And then…. shit went wrong. As soon as I jumped into my kayak and started paddling, 3 guys passed me. But like, blasted past me. Even though I was paddling hard and using decent technique, I couldn’t keep up at all. Then another guy passed me, and another one. WTF was this?
Then I realized what was up. All these guys were rocking full-race Fiberglass kayaks, while I was struggling in an amateur plastic kayak. The combination of hydrodynamics, lower weights, and less friction totally kicked my ass. The next 1 hour and 27 minutes was one of the most testing time of my entire life. I had to use just about every Jedi Mind Trick in the book to stay focused and avoid totally freaking out. But DAMN that was frustrating.
I can’t deny that I didn’t lose it once or twice, and even yelled out a few French Canadian swears out in the middle of the ocean. I managed to keep it together reasonably well, and when I got out of the water in 31th place, I was pissed off but sure glad to be done with that treacherous part of the race.
The 32km of Mountain Biking
I started pedaling with a vengeance, but quickly realized that this wasn’t going to be a ride in the park. Not only were my legs way more tired than I expected, I was also really thirsty and I’d only brought 1L of liquid with me on the bike. Uh oh.
As the course took us through long dirt roads, through sandy patches (riding a bike in the sand is MESSED UP, but somehow the Aussies can do it. I still can’t figure that one out). There were also some furious downhills, which is when I realised that Mountain Biking is a whole different ball game than riding my bike around Perth.
Eventually, I reached a ridiculous hill where stepping off the bike and walking was pretty much required. It was a hell of hill, and I remember sweating like crazy, while take the last sip of my Powerade. With 20km still to go. Damnnn.
The next 45 minutes were very hard, and I found it increasingly hard to keep pushing myself. Physically, I was ok, but mentally… I just felt like I’d been gone for a really long time. And realistically, I had. It had been 4 hours so we started running, and that kind of long effort is just something I’d never done before. I pulled through but it was a long & pretty painful ride.
The 2.5km of Beach Running
Fortunately, I had one last trick in the bag. Over the last 2 months of training, I had been rehearsing this part of the race so many times, visualising myself finishing strong and passing guys on the way to the finish line. When I started running along 2 other dudes, they didn’t have a chance. I upped the tempo right away, and left them in the dust.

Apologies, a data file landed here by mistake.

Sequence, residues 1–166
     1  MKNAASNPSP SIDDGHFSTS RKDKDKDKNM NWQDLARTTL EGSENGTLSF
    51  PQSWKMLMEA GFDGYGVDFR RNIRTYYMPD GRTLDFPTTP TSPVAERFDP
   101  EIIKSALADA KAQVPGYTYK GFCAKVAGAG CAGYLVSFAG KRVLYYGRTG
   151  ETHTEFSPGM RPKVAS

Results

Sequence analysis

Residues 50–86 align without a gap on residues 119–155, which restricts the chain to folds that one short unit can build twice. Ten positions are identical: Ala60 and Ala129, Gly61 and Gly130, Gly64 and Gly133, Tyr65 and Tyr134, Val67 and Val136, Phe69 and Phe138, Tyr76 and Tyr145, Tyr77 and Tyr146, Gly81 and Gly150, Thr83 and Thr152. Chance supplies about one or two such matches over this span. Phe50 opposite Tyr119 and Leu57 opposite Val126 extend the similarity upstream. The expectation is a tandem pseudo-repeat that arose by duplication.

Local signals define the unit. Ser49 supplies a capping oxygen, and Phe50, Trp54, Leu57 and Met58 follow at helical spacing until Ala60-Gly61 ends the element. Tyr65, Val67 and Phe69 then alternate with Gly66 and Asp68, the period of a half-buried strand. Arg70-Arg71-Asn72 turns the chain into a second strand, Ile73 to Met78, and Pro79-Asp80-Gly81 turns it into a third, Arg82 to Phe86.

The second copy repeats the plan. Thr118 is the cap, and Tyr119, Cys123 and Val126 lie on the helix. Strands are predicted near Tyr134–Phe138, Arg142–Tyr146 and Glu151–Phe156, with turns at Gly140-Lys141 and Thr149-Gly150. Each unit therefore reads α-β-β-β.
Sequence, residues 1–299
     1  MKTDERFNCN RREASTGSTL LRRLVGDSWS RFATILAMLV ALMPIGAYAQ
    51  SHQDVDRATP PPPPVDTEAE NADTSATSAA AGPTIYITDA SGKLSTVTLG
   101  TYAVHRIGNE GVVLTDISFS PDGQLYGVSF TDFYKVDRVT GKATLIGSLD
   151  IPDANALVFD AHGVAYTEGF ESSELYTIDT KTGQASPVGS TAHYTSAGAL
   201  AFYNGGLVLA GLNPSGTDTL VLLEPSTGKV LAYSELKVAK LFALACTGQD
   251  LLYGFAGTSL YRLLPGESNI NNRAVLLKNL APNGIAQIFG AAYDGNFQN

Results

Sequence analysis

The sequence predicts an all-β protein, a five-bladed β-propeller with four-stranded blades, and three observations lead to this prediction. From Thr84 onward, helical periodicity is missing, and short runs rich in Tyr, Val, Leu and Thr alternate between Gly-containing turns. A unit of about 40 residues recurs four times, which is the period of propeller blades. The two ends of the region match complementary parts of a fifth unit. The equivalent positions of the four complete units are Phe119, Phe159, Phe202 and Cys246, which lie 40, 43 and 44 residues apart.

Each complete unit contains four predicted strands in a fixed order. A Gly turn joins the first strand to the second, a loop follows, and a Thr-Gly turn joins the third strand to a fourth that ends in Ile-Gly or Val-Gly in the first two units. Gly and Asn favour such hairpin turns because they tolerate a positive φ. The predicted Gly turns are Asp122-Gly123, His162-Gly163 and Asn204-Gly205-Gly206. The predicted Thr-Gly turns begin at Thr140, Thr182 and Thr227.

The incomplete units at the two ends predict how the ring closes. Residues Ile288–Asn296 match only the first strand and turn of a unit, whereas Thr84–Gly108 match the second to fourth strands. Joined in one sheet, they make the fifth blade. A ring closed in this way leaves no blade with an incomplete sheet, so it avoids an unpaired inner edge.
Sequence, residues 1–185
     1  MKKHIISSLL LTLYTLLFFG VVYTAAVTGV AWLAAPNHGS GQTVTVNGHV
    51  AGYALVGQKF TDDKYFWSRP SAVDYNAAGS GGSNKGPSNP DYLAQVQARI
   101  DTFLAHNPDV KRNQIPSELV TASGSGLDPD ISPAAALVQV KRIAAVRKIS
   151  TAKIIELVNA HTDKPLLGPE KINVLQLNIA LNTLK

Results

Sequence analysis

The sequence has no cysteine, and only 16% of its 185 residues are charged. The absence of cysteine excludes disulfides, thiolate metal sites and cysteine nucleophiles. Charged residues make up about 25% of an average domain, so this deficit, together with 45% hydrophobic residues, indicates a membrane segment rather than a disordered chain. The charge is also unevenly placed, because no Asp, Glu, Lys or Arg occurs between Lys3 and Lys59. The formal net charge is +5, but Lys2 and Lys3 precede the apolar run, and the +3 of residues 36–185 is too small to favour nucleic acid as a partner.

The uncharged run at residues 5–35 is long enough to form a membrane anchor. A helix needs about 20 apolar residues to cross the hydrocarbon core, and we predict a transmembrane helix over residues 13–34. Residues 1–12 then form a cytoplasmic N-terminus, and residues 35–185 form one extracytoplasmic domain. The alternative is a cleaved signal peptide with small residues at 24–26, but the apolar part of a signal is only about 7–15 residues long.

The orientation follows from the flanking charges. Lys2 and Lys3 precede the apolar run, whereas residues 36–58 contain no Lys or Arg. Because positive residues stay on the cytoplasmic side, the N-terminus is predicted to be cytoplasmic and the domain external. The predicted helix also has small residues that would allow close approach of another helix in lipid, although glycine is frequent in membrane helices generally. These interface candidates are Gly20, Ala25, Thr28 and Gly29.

From there, I started hunting down the guy in from of me, who was about 100m ahead. Then 90, 80… 20, 10m.. and finally I was right behind him. I stayed there for a few seconds, catching my breath, and before long I said out loud “keep it up man!” cheer, before leaving him in the dust. See you at the finish line.
It was the next guy’s turn, the guy in the red 50m ahead. Target locked & loaded. I had momentum now, and it took no time until i overtook him, about 500m from the end. Adios, amigo.
I pushed hard all the way to the end, enjoying the last few moments and giving high fives to the little kids in the crowed, before crossing the line in a respectable time of 4 hours 55 minutes, good for 25th place out of 126 guys. But most importantly, I had done it. 4 months ago, I had dreamed all this up in my head, I had taken the appropriate steps, and I had achieved what I set out to do. And that, my friends, is one of the best feelings in the world.
I later found out that I had the fastest split of any competitor in the final run! Not too bad for a guy who was about 30 lbs heavier than most of the other guys :)
The Anaconda is without a doubt one of coolest things I’ve ever done. Every 20-30 minutes in the race I would take an instant to appreciate the fact that I was doing exactly what I love doing, in one of the most beautiful places in the world, halfway around the world from where I was born. I was living my dream.
I’m already thinking I might have to give the Anaconda another crack when I come back to Perth 5-10 years down the road (to show my kids & wife my old stumping grounds). But in the meantime I’ll keep training… and next big event on the calendar is already set. Escape from Alcatraz 2012, it’s on!!!
If there’s one thing I’d like you remember from this, it’s that committing to a big challenge in the near-future is not only a way to create a great story, but it will also supercharge your focus, motivation, and determination in the months leading to the event.
It’ll help you get up in the morning with a bounce in your step, and go to bed at night exhausted, but satisfied. And that’s what life’s all about.
If you enjoyed this post, check out the 2nd part, The 7 Life Lessons I Learned In My First Adventure Race.